While teams like the New York Islanders, Edmonton Oilers and St. Louis Blues search desperately for the franchise goaltender of their respective futures, the Los Angeles Kings, Carolina Hurricanes and Anaheim Ducks must juggle their glut of netminders.
Such goalie talent imbalance could prove to be a key catalyst in much of the NHL's trade activity this winter, with the informal upcoming "holiday trade freeze" role-playing as a miniature trade deadline to spark last-second negotiations.
Unneeded yet certainly not unwanted goalies like Ben Scrivens, Justin Peters, Anton Khudobin and Victor Fasth could soon be on the move. Meanwhile, needed but not particularly wanted goalie Ryan Miller—the Sabres are much more interested in rebuilding—could also join them.
Updates on the biggest and latest NHL trade rumors lie on the coming slides.
It was thought that Jonathan Quick's injury absence would test the Los Angeles Kings more than any other regular-season stretch in recent history.
Apparently not. Rookie Martin Jones has won the first six starts of his career with a .972 save percentage, and former Leafs goalie Ben Scrivens, acquired in the Jonathan Bernier trade last summer, has gone 7-3-4 with a .941 save percentage of his own.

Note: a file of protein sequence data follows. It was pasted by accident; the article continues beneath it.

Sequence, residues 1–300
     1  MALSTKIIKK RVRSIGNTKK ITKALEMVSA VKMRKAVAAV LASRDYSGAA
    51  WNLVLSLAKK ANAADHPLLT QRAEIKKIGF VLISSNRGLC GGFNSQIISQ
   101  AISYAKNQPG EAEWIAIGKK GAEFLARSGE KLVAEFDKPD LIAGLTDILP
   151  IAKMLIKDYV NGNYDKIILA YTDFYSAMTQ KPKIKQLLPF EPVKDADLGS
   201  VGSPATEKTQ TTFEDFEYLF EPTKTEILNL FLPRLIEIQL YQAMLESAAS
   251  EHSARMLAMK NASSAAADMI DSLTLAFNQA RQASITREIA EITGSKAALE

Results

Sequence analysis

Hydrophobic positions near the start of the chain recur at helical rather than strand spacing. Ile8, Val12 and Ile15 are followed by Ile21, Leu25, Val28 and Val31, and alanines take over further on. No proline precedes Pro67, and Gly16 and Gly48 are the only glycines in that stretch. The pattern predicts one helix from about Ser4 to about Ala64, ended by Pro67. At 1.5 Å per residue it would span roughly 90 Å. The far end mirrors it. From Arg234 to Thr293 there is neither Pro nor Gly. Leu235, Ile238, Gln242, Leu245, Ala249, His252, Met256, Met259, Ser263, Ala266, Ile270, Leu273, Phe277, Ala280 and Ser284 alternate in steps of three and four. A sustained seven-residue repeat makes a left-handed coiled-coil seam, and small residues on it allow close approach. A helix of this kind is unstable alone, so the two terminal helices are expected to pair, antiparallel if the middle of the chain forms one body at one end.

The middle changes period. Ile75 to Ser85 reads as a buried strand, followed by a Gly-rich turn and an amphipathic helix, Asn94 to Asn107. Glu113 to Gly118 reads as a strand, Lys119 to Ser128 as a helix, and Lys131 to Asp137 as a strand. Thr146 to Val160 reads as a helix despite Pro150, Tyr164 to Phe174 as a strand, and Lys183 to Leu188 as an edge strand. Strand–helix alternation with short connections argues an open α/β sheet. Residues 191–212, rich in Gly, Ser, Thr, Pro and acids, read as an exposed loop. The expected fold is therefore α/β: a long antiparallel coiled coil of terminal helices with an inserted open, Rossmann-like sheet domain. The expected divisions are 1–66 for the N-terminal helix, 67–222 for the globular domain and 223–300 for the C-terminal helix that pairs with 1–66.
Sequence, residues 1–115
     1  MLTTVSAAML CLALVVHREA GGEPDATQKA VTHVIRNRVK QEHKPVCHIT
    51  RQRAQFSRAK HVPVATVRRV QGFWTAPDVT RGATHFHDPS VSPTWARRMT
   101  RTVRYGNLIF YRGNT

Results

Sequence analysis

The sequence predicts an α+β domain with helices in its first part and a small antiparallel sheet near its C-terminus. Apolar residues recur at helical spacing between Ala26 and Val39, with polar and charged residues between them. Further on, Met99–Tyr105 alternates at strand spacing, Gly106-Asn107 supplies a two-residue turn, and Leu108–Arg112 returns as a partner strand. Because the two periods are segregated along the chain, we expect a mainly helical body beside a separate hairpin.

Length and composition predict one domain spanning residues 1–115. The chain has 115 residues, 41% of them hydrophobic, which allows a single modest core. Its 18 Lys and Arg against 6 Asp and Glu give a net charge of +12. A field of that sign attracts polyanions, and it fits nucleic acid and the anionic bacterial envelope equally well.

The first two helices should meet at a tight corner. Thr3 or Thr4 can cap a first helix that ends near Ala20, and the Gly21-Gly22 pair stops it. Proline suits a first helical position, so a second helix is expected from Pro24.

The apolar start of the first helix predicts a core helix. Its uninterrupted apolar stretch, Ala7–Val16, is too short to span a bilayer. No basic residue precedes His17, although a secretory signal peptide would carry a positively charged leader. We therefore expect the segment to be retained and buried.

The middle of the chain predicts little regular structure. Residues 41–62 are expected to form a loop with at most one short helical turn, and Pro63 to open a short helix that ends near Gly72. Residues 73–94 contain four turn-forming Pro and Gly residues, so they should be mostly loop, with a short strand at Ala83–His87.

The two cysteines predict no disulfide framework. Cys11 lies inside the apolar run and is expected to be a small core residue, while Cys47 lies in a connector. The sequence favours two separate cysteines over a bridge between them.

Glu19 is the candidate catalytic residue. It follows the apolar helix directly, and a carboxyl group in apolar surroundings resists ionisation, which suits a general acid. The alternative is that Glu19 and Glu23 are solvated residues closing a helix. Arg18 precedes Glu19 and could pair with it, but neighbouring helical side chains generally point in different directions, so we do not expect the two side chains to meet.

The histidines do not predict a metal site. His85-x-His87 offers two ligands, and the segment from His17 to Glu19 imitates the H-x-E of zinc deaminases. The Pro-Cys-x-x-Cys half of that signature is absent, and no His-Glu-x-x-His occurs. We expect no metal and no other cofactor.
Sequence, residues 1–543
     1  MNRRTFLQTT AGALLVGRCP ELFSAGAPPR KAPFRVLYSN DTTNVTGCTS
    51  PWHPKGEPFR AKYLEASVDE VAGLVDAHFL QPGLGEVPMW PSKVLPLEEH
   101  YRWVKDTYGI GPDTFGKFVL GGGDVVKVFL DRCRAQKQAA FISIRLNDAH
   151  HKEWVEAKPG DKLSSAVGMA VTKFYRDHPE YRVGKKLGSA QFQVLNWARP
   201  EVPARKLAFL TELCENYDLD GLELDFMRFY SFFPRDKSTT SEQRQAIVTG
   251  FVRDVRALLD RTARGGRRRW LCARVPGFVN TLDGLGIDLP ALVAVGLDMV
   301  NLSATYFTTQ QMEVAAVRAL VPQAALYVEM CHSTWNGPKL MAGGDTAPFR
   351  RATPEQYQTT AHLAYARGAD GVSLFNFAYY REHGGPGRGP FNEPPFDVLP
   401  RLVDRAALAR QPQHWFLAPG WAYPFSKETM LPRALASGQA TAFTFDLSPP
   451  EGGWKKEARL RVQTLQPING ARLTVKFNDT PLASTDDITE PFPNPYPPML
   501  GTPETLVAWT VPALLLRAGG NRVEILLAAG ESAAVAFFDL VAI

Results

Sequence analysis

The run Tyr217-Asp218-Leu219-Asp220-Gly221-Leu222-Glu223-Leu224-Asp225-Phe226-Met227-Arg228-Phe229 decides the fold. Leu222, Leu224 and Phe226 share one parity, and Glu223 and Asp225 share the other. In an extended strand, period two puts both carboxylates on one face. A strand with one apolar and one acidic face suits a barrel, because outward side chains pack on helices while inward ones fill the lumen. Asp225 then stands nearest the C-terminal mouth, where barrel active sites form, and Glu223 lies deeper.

Such across-the-board success means that the Kings will have some options once Quick returns. Per Steve Simmons of the Toronto Sun, a Bernier trade could be the most likely decision:
Matt Frattin has become a healthy scratch for the Los Angeles Kings and it’s all but certain Ben Scrivens will be sent packing once Jonathan Quick returns, which means the Kings won’t have much, if anything, to show for the deal that sent Jonathan Bernier to Toronto — unless they get something decent for Scrivens...
The Islanders and Oilers—the NHL's two worst-ranked teams in goals against—will be top potential destinations, with the one-player-away Blues and scrambling Sabres also in play.
The Hurricanes' goaltending situation has been turned on its head this autumn: While Cam Ward (5-5-5, .901) struggles to shake off the dust of two lengthy injuries in a 10-month span, longtime AHLer Justin Peters has posted 12 consecutive starts with a save percentage of .909 or better (he's 7-3-2 over that stretch).
As Anton Khudobin (2-0, .929) returns at last from a nine-week absence, cap space-squeezed Carolina will likely need to move one of their three desirable netminders.
CBC's Elliotte Friedman on the situation:
Carolina Hurricanes general manager Jim Rutherford threw cold water on rumblings that Cam Ward might be the goalie he moves. Rutherford wouldn't comment further, but it is believed he will work to move either Anton Khudobin or Justin Peters by this week's trade freeze.
Peters, who (despite his surprisingly spectacular autumn) sports only a .906 career save percentage, is the most heavily rumored candidate, but relative newcomer Khudobin—considered possibly as a starter-caliber netminder on the free-agent market last summer—might pose as an easier parting of ways.
Bruce Garrioch of the Ottawa Sun reported Sunday that the Oilers might be the top inquirer at the moment.